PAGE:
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Cultural Heritage Archives: Networks, Innovation & Collaboration, a symposium addressing ethnographic archival thought and practice. September 26-27, 2013 (webcasts forthcoming).
The Stations that Spoke Your Language: Radio and the Yiddish-American Cultural Renaissance: September 6-7 2012. Leading Yiddish language and culture experts joined media scholars and Library of Congress specialists to address Yiddish radio in America: its history and cultural impact, its continuing influence on American media, and its multifaceted legacy.
Literatura de Cordel: Continuity and Change in Brazilian Popular Literature: September 26-27, 2011. Presentations at this symposium focused on the history of literatura de cordel, a form of popular literature from northeastern Brazil, as well as accompanying traditions. These include the composition of poems, lyrics, and stories; the creation of woodblock images; and performances inspired by literatura de cordel. The symposium drew attention to the American Folklife Center's collections of literatura de cordel, which are among the most extensive in the world. The symposium also explored the artistry, narrative, and iconography of cordel in order to examine the tradition during the recent past, and to encourage research on these compelling collections. Noted scholars of cordel were featured, as will the artistry of cordel poets, singers, and woodcut artists. The symposium was timed to coincide with this year's Organization of American States' Inter-American Year of Culture.
Work and Transformation: Documenting Working Americans: December 6-7, 2010. This symposium featured presentations by the 2010 recipients of the AFC Archie Green Fellowships, conserning their documentation of the culture and traditions of American workers in New York, Idaho, and Louisiana. Panels also included representatives of community-based documentation projects supported by IMLS who discussed the role of America's libraries and museums as centers for the documentation of oral history and the development of 21st century skills. Speakers also included social and economic policymakers exploring the value of using personal narratives about work to address broader social issues. Webcasts are available.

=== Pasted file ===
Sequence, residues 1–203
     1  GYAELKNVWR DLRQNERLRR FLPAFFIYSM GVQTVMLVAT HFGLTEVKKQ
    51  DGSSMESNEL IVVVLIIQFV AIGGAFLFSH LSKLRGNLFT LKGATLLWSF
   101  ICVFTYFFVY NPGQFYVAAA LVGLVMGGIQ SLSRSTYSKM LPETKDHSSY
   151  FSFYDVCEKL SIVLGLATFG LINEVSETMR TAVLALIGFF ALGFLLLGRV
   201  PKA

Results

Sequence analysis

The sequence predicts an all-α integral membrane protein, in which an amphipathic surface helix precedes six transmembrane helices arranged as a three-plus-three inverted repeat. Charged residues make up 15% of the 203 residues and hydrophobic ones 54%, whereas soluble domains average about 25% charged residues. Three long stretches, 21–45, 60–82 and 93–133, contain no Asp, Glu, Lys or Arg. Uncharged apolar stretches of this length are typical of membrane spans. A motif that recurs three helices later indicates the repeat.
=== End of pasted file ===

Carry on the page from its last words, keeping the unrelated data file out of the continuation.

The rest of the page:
Borderlines / Borderlands: Culture and the Canadian-U.S. International Boundary: This free public symposium, co-sponsored by the American Folklife Center at the Library of Congress and the Canadian Embassy, was held on June 15 and June 16, 2010 and brought together leading Canadian and U.S. scholars to explore the history, cultures, and traditions of regions and communities along the U.S.-Canada border. (event photographs forthcoming)
Unsung Heroes: A Symposium on the Heroism of Asian Pacific Americans During World War II October 26, 2009. View the webcasts: Part 1 and Part 2. The Veterans History Project of the American Folklife Center and the Library of Congress Asian Division Friends Society will co-host a special commemorative program honoring Asian Pacific American heroism during World War II. This session of the symposium includes Maj. Gen. Antonio Taguba's overview of the war in the Pacific Theater, Anna Chennault's recollection of her life with the Flying Tigers and Poet Vince Gotera performing a dramatic reading from his book "Ghost Wars."
Baseball Americana Symposium October 2-3, 2009
Legends and Legacies:
Robert Burns at 250: Poetry, Politics, and Performance, February, 2009. To mark the 250th anniversary of the birth of Robert Burns, Scotland’s national poet, the American Folklife Center at the Library of Congress, in collaboration with the Scottish Government, presented a free public symposium on Burns’s life and work, as well as his impact on America and American culture. The web site for this event includes a list of Burns-related resources with links. Webcasts and event photographs for this event are available.